As organizations find new ways to use Global Positioning Systems (GPS) to cut distances traveled, they wind up saving both time and money. In fact, they may even wind up saving lives.
''When you are dealing with a potential bioterrorism event, minutes can make a difference in terms of whether you can save peoples' lives,'' says Mark Smith, Ph.D., epidemiologist for the Guilford County, N.C. Health Department.
Smith was the project coordinator for Rapid Response Project 516, funded by a grant from the Centers for Disease Control (CDC) under the Bioterrorism Act of 2002. The project developed field survey techniques to quickly track down disease sources. These techniques incorporate GPS-enabled handhelds and laptops, together with Geographic Information System (GIS) applications and data.
Fortunately, it hasn't been needed yet to counter a bioterrorism attack. But it was utilized in 2004 during an outbreak of Legionnaire's disease at a manufacturing plant. Smith's mobile GIS team conducted surveys in the area to help out another team that used a paper-based system. As the results came in, scientists uploaded electronic survey data directly into a database.
''The CDC epidemiologists pulled up the data immediately and followed up on cases in real-time as the data came in,'' says Smith. ''We heard three weeks later that the paper survey was still sitting on someone's desk.''
From NAVSTAR to OnStar
While currently best known as a driving and fishing aid, GPS was originally a military navigation system called the NAVSTAR GPS. The President Ronald Reagan ordered it be made available for commercial use after Soviet fighters shot down Korean Air Flight 007 (a Boeing 747 carrying 269 passengers and crew) when it strayed into Russian air space.
GPS consists of three elements -- a fleet of satellites (at least 24 at a time), ground-based control centers and user receivers.
The satellites orbit the earth twice a day at an elevation of 11,000 miles, emitting a continuous signal containing the satellite's time and position. The user devices then analyze the signals from three or more satellites to determine the device's precise location. Early systems provided accuracy to within about 70 feet. Further enhancements can bring that number down to within one centimeter, even while the receiver is moving.
In addition to the U.S. system, the Russian military has its own version, called GLONASS, and the European Union plans to have a 30-satellite Galileo Positioning System operational by 2008.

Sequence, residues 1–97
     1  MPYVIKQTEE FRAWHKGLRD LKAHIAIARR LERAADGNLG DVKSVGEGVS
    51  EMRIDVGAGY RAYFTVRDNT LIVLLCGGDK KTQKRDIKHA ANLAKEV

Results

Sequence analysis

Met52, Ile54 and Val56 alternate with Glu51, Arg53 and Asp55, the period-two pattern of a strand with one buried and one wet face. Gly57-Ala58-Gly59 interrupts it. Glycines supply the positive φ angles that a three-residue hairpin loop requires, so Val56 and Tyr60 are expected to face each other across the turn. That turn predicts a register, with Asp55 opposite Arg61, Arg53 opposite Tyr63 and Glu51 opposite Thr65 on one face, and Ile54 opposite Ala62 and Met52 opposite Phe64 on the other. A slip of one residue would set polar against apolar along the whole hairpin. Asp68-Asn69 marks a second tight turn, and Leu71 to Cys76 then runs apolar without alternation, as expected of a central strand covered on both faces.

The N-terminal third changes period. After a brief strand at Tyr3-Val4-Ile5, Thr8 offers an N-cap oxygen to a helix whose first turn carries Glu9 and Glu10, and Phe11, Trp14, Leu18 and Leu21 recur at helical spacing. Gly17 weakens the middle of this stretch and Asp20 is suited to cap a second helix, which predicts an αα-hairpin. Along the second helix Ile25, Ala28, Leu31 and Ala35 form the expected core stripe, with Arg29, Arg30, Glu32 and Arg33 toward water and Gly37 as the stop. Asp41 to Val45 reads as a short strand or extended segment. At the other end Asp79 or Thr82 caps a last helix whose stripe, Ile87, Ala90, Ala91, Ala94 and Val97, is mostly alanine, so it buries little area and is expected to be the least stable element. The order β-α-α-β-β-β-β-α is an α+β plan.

The science behind GPS systems is impressive but, as with other types of technology, the real value lies in the applications -- and they are getting more sophisticated all the time. The Indian Institute of Technology in Bombay, for example, is using GPS sensors to detect the movement of a dam in a seismically active area. The Alaska Railroad Corporation has incorporated GPS into its train collision avoidance system. Utilities use GPS-enabled devices from St.Paul, Minn.-based 3M Corp. to locate and map underground cables, wires and pipes. Biologists use the devices to track migratory animals. John Deere and Company of Moline, Ill. uses GPS guidance systems in self-steering tractors.
Then, of course, there are the ubiquitous automobile onboard navigation systems, such as GM's OnStar.
Space Equals Time Equals Money
While, perhaps not as exotic as those uses listed above, some of the more sophisticated GPS deployments are designed to maximize the productivity of mobile workers.
According to a October 2005 report from IDC, a major industry research firm based in Framingham, Mass., there were 650 million mobile workers worldwide in 2004. By 2009, that figure will rise to more than 850 million -- greater than one-quarter of the total workforce. It costs businesses money every minute those workers are moving rather than working. And GPS is the tool of preference when it comes to minimizing such 'work breaks'.
Sears Holdings Corp. of Hoffman Estates, Ill., for example, recently implemented a new system to optimize routes for its 11,000 field service technicians. Called the Sears Smart Toolbox, Sears and Environmental Systems Research Institute, Inc. (ESRI) of Redlands, Calif, co-developed the applications. Each service vehicle contains a GPS, satellite and cellular communications system, as well as a wireless LAN access point. It also contains a ruggedized laptop from Itronix, a part of General Dynamics Corp. of Falls Church, Va.
The system downloads the technician's daily work schedule to the laptop. Once the vehicle is in motion, the laptop switches to navigation mode, giving the driver verbal turn-by-turn directions to the next job site.
''Technicians don't have to look at maps, don't have to call the customers for directions and don't get lost,'' says Dave Lewis, ESRI's project manager for the Sears installation. ''When you are talking about 11,000 technicians, even if you save them 10 minutes a day, it is a huge ROI.''
The system also reports in to the backend server when the technician arrives at the work site. The tech then takes the laptop into the building where he is working as it contains service documentation. And if additional information is needed or the worker needs to order parts, the laptop connects via wireless LAN to other equipment in the truck, which uses a satellite or cellular connection to download the required data from the servers at headquarters.
The system also tracks each technician's progress throughout the day and can adjust schedules and routes as needed when jobs take longer than expected.
Go to the next page to find out how GPS helped save lives after a major hurricane.